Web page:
| Camponotus prostans|
Mainly confined to the south-west and southern portions of the SWBP, but has been recorded as far afield as the Gibson Nature Reserve, well to the NE of the SWBP.
- 1 Identification
- 2 Distribution
- 3 Biology
- 4 Castes
- 5 Nomenclature
- 6 References
Camponotus prostans and Camponotus dryandrae are very difficult to separate on morphological characters alone. The only reliable feature is the reduced number of setae found on the venter of the head capsule in C. prostans, a feature that requires examination through a microscope. However, in the field their rich reddish- or yellowish-brown-and-black colouration separates most workers of C. dryandrae from the more sober, uniformly blackish or brown-and-black C. prostans.
McArthur and Adams (1996) - Camponotus prostans possesses a few setae on the gula, and is distinguished from Western Australian Camponotus longideclivis and eastern Australian Camponotus consobrinus by the absence of seta on the gula in the latter two species. In dorsal view, the heads of the largest major workers in C. prostans appear circular, as a consequence of HW being greater than HL.
Keys including this Species
- Key to Australian Camponotus majors of the southwestern Botanical Province
- Key to Australian Camponotus minors of the southwestern Botanical Province
- Key to Australian Camponotus species
Distribution based on Regional Taxon Lists
Distribution based on AntMaps
Distribution based on AntWeb specimens
Check data from AntWeb
The following information is derived from Barry Bolton's New General Catalogue, a catalogue of the world's ants.
- prostans. Camponotus nigriceps subsp. prostans Forel, 1910b: 72 (w.q.) AUSTRALIA. [First available use of Camponotus nigriceps subsp. obnigra var. prostans Forel, 1907h: 301; unavailable name.] Junior synonym of lividipes: Wheeler, W.M. 1933b: 23; Clark, 1934c: 71. Revived from synonymy and raised to species: Taylor, 1987: 14; McArthur & Adams, 1996: 40.
Unless otherwise noted the text for the remainder of this section is reported from the publication that includes the original description.
Length. 6.8-10.5 mm. Smaller than the subspecies obniger coming from South Australia, quite black or brownish black with pale yellow legs; mandibles, clypeus and flagellum brownish red. Somewhat more glossy than the sub species type and with somewhat longer and richer pubescence especially on the limbs.
McArthur and Adams (1996) - Colour: head black to dark brown; mesosoma colour ranges from black all over to reddish brown all over, some specimens with combinations of above colours; legs lighter, often yellowish; posterior gaster black or dark brown, anterior gaster colour similar to posterior gaster or like most of mesosoma. Pilosity: up to 0.5 mm long plentiful on pronotum and mesonotum with 2-8 on or propodeum (Fig · 31a,b), sparse and shorter on gula sometimes obsolete, plentiful on gaster pointing backwards, short setae on scapes raised to 30°, short setae on midtibiae 20-40°. Pubescence: a coat of suberect setae about 0.1 mm long, spaced < length, usually whitish, visible with transmitted light on the dorsum of mesosoma; adpressed and sparse on head. Integument finely reticulate, glossy. Node summit viewed from rear: conkvex or flat in major workers, convex in other workers. Metanotum usually distinct in major workers.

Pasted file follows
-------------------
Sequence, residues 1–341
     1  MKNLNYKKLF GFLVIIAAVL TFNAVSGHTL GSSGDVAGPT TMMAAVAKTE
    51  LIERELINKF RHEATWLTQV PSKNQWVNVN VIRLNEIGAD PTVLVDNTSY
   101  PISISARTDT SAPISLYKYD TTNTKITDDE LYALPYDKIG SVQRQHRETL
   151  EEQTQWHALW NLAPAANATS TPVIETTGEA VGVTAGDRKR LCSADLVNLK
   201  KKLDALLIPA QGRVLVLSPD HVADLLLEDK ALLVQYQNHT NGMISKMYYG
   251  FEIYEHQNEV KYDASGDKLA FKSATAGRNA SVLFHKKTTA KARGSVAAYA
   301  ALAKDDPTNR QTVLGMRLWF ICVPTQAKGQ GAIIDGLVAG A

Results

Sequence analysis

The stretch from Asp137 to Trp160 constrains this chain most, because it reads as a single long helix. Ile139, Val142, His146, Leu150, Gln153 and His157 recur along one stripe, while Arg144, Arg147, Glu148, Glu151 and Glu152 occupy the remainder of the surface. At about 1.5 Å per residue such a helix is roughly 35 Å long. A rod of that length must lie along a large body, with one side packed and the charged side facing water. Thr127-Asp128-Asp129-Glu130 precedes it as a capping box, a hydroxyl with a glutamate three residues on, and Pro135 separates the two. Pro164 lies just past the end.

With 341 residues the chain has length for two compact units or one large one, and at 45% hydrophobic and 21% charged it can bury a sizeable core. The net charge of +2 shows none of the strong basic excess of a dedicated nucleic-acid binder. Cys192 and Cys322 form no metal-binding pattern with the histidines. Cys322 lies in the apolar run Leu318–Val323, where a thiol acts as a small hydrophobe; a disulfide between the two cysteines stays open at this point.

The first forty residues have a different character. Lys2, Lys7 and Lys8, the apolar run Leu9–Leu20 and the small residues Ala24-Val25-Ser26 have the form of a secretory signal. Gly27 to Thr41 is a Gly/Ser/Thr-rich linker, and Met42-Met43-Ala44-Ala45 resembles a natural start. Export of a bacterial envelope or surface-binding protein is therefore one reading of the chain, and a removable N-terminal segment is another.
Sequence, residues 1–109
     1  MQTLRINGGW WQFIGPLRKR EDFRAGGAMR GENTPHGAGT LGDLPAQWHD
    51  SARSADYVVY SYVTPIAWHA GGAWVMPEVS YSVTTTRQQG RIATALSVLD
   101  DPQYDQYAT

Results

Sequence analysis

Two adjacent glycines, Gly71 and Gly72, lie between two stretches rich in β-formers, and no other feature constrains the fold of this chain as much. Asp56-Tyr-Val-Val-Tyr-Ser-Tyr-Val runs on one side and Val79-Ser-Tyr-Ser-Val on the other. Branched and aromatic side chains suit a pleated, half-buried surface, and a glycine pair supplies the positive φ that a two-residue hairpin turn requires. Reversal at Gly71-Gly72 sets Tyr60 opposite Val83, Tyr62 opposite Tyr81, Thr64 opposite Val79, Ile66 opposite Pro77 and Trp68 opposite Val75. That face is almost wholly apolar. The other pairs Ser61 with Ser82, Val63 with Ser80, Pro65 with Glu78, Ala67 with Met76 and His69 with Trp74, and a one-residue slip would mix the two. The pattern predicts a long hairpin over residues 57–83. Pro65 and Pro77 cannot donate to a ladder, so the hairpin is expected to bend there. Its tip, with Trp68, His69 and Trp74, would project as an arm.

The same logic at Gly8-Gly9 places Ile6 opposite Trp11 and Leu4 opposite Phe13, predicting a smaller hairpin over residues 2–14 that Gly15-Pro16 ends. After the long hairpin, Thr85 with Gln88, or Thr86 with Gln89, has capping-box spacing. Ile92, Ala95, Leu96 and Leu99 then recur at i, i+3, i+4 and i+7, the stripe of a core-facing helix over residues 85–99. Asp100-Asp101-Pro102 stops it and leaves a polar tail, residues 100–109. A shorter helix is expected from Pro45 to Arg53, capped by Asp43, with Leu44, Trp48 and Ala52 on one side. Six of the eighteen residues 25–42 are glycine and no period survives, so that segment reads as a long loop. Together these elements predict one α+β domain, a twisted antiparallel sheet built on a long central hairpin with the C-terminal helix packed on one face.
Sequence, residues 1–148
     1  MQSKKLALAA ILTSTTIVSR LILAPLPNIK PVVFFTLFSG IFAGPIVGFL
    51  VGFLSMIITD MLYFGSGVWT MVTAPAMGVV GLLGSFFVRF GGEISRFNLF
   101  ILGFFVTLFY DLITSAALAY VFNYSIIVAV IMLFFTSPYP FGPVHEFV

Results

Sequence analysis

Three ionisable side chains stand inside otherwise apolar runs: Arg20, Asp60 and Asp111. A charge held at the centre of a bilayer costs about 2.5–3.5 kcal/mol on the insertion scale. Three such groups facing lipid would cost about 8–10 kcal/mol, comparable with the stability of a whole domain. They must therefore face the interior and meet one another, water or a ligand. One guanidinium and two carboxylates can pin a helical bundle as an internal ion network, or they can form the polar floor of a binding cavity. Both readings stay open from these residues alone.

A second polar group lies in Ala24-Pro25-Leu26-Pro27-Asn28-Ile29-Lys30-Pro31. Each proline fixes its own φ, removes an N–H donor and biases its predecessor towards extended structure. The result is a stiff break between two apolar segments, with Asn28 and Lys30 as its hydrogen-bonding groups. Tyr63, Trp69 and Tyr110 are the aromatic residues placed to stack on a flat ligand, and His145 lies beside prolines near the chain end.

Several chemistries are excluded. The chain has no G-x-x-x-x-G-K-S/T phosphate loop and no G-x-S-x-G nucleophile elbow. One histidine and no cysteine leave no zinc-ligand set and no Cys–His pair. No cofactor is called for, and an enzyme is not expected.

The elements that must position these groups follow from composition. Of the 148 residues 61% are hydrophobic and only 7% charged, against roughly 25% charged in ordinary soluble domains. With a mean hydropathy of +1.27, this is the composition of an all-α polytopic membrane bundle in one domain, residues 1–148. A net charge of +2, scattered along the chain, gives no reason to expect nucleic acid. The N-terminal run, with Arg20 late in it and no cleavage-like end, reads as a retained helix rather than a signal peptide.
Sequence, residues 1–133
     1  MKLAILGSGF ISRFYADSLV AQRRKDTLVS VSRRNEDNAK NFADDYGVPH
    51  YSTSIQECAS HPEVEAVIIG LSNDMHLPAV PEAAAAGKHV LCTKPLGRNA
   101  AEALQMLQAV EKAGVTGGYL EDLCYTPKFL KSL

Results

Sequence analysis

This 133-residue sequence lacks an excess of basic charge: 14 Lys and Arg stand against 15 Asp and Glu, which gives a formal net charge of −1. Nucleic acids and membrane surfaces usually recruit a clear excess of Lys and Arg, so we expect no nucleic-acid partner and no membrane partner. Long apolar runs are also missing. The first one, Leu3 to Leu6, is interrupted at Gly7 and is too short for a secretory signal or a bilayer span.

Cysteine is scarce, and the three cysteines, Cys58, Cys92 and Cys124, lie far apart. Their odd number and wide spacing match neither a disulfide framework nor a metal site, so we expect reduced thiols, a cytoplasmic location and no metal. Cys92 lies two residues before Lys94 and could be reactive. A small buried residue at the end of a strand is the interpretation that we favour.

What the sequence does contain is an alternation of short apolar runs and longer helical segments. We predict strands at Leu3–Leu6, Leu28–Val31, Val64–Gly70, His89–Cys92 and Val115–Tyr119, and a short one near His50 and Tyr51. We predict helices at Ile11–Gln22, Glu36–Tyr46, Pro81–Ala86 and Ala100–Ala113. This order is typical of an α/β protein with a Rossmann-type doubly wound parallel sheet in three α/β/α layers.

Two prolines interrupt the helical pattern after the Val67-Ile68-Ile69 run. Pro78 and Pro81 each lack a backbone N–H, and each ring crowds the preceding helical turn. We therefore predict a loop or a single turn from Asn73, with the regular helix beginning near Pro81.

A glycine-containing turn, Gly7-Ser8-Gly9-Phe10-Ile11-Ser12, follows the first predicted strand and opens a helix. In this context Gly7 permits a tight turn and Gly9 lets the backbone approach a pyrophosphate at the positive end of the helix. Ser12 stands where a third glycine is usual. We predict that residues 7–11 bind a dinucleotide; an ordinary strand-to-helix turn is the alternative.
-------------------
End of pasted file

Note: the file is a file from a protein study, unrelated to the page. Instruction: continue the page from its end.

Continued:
HW = 1.80-3.5 mm; HL = 2.30-3.45 mm; TL = 2·60-3.00 mm; n = 20. TL = 1.89 + 2.22 log HW (n = 11, r = 0.95, s.e.(y) = 0.17, s.e.(x) = 0.04). PD:D = 2.0 in major workers increasing to 3.0 in minor workers. HW:HL = often reaches 1.05 in major workers where HW > 3.4 mm.
Length. 15-17 mm. Same color as the worker. Pubescence more ample than the type. Wings weak somewhat stockier in proportion than the type.The clypeus has the exact form of the type. The worker from Lion Mill has above all more upstanding hair and also much stronger spines on the legs.
- Camponotus nigriceps prostans Forel, 1910: Syntype, worker(s), Mount Helena (as Lion Mill), Jarrahdale, Lunenberg, Pickering Brook, Torbay and north of Albany, WA, Australia, Musee d'Histoire Naturelle Genève.
- Camponotus nigriceps prostans Forel, 1910: Syntype, 1 worker, Mount Helena (as Lion Mill), Western Australia, Australia, Western Australian Museum.
McArthur and Adams (1996) - Presumed from porost (Latin: outstanding) as the colour of the subspecies type is much darker than that of the type, C. nigriceps.
- Clark, J. 1934c. Ants from the Otway Ranges. Mem. Natl. Mus. Vic. 8: 48-73 (page 71, Junior synonym of lividipes)
- Forel, A. 1910b. Formicides australiens reçus de MM. Froggatt et Rowland Turner. Rev. Suisse Zool. 18: 1-94 (page 72, worker, queen described)
- Heterick, B. E. 2009a. A guide to the ants of South-western Australia. Records of the Western Australian Museum, Supplement 76: 1-206. Part 1 PDF
- McArthur, A. J. and M. Adams. 1996. A morphological and molecular revision of the Camponotus nigriceps group (Hymenoptera: Formicidae) from Australia. Invertebrate Taxonomy. 10:1-46. (page 40, Revived from synonymy, and raised to species)
- Taylor, R. W. 1987a. A checklist of the ants of Australia, New Caledonia and New Zealand (Hymenoptera: Formicidae). CSIRO Div. Entomol. Rep. 41: 1-92 (page 14, Revived from synonymy, and raised to species)
- Wheeler, W. M. 1933b. Mermis parasitism in some Australian and Mexican ants. Psyche (Camb.) 40: 20-31 (page 23, Junior synonym of lividipes)